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Manciolino’s Sword and Buckler – First Attack from Porta di Ferro Stretta

The first attack for Porta di Ferro Stretta is simply, “you can turn a tramazzone”.

At first glance this seems kinda silly. Why bother telling someone to make a single, basic attack against someone waiting in guard? No combinations, no provocations, just a really basic strike.

My theory is to illustrate the difference between a tramazzone and a simple riverso. If you use a riverso against someone waiting in porta di ferro stretta they can usually parry it with a small movement.

The tramazzone, when properly thrown, comes in at a steep angle that nearly matches the opponent’s blade. If the opponent makes the same small movement that worked so well again the riverso, then your blade will slip in behind his on the outside.

How to throw a Tramazzone

In the context of this play, we found the tramazzone is best performed by first dropping the to the left. The sword hand moves beneath the bucker hand such the the wrists are crossed. The step, which can be advancing or passing, begins as the point begins to ascend for the cut.

There are certainly other ways of performing a tramazzone. One can allow the tip to fall to the right. One can cut over the buckler instead of under it. The tramazzone can be rising instead of falling. So I don’t wish to say any of them are invalid or inferior in a general context; this is just what worked for us for this particular play.

After the Tramazzone

Lacking any further direction, at this point we follow the traditional German theory of indes and then proceed to attack whichever opening happens to reveal itself until measure can be safely broke.

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Manciolino’s Sword and Buckler – Second Attack from Porta di Ferro Stretta

The second attack from Porta di Ferro Stretta seems pretty simple at first glance, but hides some pretty important concepts.

step forward with your left foot extending a thrust2 to the face, and then pass forward with your right foot, turning two tramazzoni.

When interpreting this play, the first issue that arose was which side of the sword to thrust against.

Inside Thrust from Crossed Swords

When the swords are crossed at the weak, you can begin this play by stepping diagonally to the left while thrusting over the top of your opponent’s sword in third. Done correctly, it will push your opponent’s sword to his right, leaving him open for a cut on the left side.

The step the to right it critical for this technique. If you pass directly forward you will encounter the buckler and possibly the sword as well. The fist tramazzoni should be directed to the left shoulder, the second to whatever is uncovered.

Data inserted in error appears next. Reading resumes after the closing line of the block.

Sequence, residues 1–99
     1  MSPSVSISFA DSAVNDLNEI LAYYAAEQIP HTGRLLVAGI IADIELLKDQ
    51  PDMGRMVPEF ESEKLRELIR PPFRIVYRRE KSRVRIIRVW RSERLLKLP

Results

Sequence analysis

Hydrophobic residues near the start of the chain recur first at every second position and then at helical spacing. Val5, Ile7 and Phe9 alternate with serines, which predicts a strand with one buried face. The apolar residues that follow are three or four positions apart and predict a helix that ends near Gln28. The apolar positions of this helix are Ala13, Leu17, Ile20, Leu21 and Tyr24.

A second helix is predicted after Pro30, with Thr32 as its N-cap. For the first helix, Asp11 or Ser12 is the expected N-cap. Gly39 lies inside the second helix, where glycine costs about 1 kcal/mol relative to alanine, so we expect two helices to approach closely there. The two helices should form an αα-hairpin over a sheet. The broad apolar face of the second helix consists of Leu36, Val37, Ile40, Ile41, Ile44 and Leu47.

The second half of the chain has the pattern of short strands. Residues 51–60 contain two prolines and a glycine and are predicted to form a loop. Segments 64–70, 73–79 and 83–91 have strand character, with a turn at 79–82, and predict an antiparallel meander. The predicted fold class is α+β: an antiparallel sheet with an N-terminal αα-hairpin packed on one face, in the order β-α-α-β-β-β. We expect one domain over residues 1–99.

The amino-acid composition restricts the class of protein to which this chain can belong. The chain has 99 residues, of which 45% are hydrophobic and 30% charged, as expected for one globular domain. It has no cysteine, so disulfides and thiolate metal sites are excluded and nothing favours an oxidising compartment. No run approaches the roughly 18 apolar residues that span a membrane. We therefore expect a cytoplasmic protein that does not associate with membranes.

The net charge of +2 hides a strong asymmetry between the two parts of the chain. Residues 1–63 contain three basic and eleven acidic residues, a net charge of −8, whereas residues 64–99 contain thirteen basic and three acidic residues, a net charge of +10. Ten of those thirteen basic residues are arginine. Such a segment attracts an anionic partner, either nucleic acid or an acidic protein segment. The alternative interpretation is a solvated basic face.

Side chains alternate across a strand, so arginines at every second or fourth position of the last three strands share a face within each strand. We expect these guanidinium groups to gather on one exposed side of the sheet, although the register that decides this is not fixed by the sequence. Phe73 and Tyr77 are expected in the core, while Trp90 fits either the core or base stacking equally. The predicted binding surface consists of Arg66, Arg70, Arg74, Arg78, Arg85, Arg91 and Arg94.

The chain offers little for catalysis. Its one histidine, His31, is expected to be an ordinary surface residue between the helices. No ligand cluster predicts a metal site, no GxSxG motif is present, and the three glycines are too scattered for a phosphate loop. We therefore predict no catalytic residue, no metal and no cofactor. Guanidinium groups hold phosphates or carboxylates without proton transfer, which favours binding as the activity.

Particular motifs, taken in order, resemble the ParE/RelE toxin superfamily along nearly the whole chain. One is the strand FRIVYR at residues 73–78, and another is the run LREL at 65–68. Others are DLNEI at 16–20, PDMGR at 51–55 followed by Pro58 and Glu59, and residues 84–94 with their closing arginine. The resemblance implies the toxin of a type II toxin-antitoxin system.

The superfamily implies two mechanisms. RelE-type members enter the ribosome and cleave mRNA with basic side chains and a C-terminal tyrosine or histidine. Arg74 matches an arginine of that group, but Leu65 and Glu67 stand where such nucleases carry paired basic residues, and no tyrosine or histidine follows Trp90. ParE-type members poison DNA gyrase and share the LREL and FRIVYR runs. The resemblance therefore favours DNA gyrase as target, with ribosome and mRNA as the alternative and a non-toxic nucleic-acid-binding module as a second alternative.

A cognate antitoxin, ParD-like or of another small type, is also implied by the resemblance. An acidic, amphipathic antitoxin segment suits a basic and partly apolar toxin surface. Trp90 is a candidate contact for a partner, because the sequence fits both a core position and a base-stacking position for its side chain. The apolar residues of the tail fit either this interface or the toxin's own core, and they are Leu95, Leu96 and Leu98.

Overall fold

Inside Thrust with Free Swords

If you are standing a bit further away so the swords are not crossed then it becomes difficult to attack over the blade. Usually what will happen instead is that as you begin the thrust your opponent will parry your blade to the right (his left).

If that happens, stepping to the right is of questionable merit. You can do it, throwing the first tramazzoni to the right shoulder and the second to the left. However, some members of my club have argued that it would be better to leave the script and instead step to the left so that your feet and sword are in agreement and you are moving away from your opponent’s tools.

Outside Thrust with Free Swords

Assuming again the swords are not crossed, you can choose to thrust from the outside using a punta riverso. A wide step to the left is even more important here. If you were to instead step directly forward along the original center line you would impale yourself on the opponent’s point.

In this variant, the opponent will most likely parry to his right, making the step to his left most advantageous. As with the first interpretation, the first tramazzoni will be directed at the left shoulder.


There are multiple ways of performing the technique as described in the manual and they all seem to work. For each variant the important part is moving off-line. Rather than trying to muscle through your opponent, you are rapidly shifting the center-line to where his tools are ineffectual.

It should be noted that this is not circling. You are moving off-line during the attack, not before. If you were to circle your opponent prior to attempting this technique then he would know your predisposition for doing so and be able to anticipate your attack.

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Guanto di Presa – Gauntlet of Grabbing


Can’t seem to find the original source of this picture.

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Joachim Meyer’s Dagger and Wrestling – Oberhut Techniques

Joachim Meyer’s Dagger and Wrestling – YouTube